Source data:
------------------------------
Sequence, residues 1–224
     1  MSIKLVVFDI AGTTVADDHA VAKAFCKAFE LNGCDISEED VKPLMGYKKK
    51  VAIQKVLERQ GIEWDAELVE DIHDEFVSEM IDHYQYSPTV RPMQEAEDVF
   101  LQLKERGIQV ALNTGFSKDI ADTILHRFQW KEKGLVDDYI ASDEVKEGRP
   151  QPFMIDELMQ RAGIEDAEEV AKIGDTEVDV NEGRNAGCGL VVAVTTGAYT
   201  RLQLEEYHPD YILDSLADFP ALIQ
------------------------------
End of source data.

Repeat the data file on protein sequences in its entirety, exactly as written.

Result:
Sequence, residues 1–224
     1  MSIKLVVFDI AGTTVADDHA VAKAFCKAFE LNGCDISEED VKPLMGYKKK
    51  VAIQKVLERQ GIEWDAELVE DIHDEFVSEM IDHYQYSPTV RPMQEAEDVF
   101  LQLKERGIQV ALNTGFSKDI ADTILHRFQW KEKGLVDDYI ASDEVKEGRP
   151  QPFMIDELMQ RAGIEDAEEV AKIGDTEVDV NEGRNAGCGL VVAVTTGAYT
   201  RLQLEEYHPD YILDSLADFP ALIQ